Two more freebies for your music making pleasure and a hefty discount off any Ableton product – if you’re quick! Continue Reading
Rather than use the basic waveforms in a run of the mill synth, why not create your own rich basis for your instrument to get a completely unique, harmonically full synth sound?
This week get free Korg analogue bass samples, a free Ableton FX instrument, and get excited about Reason Rack Extensions! Continue Reading
Maybe you’re in England and are so excited by the tropical heat we’re having that the likelihood of you being anywhere other than sprawled out on the grass is about as high as the weather holding out for longer than a couple of days, but nonetheless, it’s Assignment time! Continue Reading
Create a powerful personal song creation tool in Ableton Live with this Pocket Tip… Continue Reading
Today we’ve got a really cool free download for Ableton Live – a drum rack filled with completely original, professional quality samples and a heap of technical behind the scenes type routing that will enable you to sound absolutely fantastic without having to do anything (except use it to make cool patterns, of course!). It’s designed for an eclectic slice of electronic musicians, and sounds fantastic for future garage, bass music, beats, and so on. It’s called Future; check out a few demos below, all of which were made solely with Future! Continue Reading
This week’s Around the Web is a compilation of a few of our favourite news items of the week – read on for free plugins, workflow keyboards, and updates to the Ohm Force range with a discount to celebrate!
This week’s Pocket Tip is a neat trick that will save you tons of time in Ableton Live. While we were making the guide I couldn’t help but play around with some of the things it made easier for me to give you guys a little gift on us – a super slicing preset! Carry on reading to download it free! Continue Reading
You’ll be forgiven for being thus far oblivious to Bitwig. They’ve been quietly beavering away at developing their flagship product, Bitwig Studio, since their inception in 2009, and only just approaching beta. With a team comprising some notable ex-Ableton brains, it’s no surprise that Bitwig Studio has more than a couple of things in common with Ableton Live. Here’s the video:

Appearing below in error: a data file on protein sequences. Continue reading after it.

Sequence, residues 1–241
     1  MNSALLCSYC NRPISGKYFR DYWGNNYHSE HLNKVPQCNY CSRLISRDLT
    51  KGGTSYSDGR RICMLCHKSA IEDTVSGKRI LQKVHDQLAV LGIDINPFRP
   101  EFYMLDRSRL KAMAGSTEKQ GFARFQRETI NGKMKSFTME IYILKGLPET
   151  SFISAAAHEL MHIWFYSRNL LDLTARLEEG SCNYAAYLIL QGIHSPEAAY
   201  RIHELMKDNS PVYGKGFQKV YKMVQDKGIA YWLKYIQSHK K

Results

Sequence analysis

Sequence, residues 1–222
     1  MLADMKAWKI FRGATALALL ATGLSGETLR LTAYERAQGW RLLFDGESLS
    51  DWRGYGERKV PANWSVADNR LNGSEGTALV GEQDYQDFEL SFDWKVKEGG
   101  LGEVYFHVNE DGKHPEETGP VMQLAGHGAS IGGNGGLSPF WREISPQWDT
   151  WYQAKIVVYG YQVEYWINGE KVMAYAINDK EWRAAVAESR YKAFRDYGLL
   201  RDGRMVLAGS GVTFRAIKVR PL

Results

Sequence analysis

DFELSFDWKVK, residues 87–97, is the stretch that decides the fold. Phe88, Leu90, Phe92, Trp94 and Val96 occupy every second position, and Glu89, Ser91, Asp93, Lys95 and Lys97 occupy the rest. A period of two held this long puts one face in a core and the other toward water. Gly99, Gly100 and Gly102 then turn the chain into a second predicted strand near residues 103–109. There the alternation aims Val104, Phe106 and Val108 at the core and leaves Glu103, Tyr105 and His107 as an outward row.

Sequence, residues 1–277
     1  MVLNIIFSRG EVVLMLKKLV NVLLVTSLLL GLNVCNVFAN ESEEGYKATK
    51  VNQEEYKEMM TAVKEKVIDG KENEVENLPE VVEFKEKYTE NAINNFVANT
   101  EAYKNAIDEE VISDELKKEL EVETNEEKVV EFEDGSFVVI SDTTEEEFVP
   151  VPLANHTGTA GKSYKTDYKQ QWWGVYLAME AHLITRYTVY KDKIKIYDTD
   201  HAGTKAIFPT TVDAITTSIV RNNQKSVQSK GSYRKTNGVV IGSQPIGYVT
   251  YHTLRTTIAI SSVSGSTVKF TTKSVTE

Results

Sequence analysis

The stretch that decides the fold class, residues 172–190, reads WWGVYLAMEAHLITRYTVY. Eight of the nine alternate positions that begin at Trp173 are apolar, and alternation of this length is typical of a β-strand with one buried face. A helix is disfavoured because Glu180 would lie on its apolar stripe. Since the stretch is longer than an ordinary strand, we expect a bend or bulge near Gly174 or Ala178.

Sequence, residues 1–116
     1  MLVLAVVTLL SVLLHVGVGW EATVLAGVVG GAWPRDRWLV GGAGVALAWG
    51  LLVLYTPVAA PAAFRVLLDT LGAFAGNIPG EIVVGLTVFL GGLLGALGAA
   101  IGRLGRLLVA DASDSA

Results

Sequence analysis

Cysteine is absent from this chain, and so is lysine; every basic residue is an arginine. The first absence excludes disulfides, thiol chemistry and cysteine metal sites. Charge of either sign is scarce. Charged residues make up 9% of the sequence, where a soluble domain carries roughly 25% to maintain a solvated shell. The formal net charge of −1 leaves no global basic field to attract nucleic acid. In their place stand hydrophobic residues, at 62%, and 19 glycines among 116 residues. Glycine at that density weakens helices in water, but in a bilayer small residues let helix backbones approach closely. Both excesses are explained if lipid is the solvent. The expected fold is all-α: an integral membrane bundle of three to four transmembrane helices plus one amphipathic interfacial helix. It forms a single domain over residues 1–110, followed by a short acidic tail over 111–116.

Bitwig Studio though has a number of features that Live users have been wishing for either en masse or in niche for some time – here are a few of the most interesting features we’ve picked out of the information we’ve had thus far:
- Full cross platform support: Windows, Mac, Linux
- ‘on note’ automation editing that looks similar to Cubase 6′s VST note expression (we’re waiting for confirmation on the exact functionality of this, but it’s confirmed that it can control per note panning, timbre, and volume of included instruments)
- Onion skinned automation lanes showing multiple parameters simultaneously
- Split pane workflow of clip/groove based sequencing and linear sequencing
- Clip based effects automation sequencing
- Block style pattern sequencing, ala MPC, FL Studio, Maschine etc
- Non exclusive mixer tracks that will play audio and software instruments on a single channel
- Multiple document editing, allowing copy and paste between documents
- Multiple window support
The future for Bitwig Studio is a spinning coin of opportunities and threats: It’s very similar in many aspects to Ableton Live, and thus is likely to get someone’s back up somewhere. If Live can essentially integrate what Bitwig are doing close enough to the release of Bitwig studio, especially now the cat is somewhat out of the bag, it could see Bitwig Studio struggling to gather steam. That said, with Ableton Live’s next big update presumably being Live 9, the iterative nature of Ableton’s product development seems to have hampered its once unshakeable stability and if Bitwig Studio’s ground up design means it’s rock solid yet still fully featured, it could reap the rewards of a defection or two.
We’re certainly excited to see and hear the extent of the included instruments and effects, and there’s even plans to include a Reaktor/Max like instrument editor after launch. We’re thinking ahead here, but if Bitwig Studio can be installed on an ultra-low footprint Linux install and manages to sound as great as it looks without relying on third party plugins… well, let’s just leave it at ‘we’re excited’.
More information as we have it – which will be soon. Let us know what you think – are you thinking about it as an Ableton Live beater, or is it unnecessary to draw that close a comparison?
When it comes to live performance, there’s not a lot of DAW software that can hold a cande to Ableton Live. Logic has a separate app (MainStage), and there are plenty of standalone apps/programs that work well for live use (Kontakt/Halion and so on), but a seamless connection between studio and live use is pretty much Live’s domain. Image Line are looking to move in the live performance direction, though, and here’s a video of their alpha release. As you can see, the performance is recorded as it is performed – similar to recording from Live’s clip view to the session view – and whilst there’s a lot of work to be done it looks to be a good direction for one of Windows’s premier recording solutions. In fact, with the native (well, dynamically ‘bottled’) Mac version on the way, maybe FL Studio is going to start to get a little more buzz in 2012. Let us know what you think!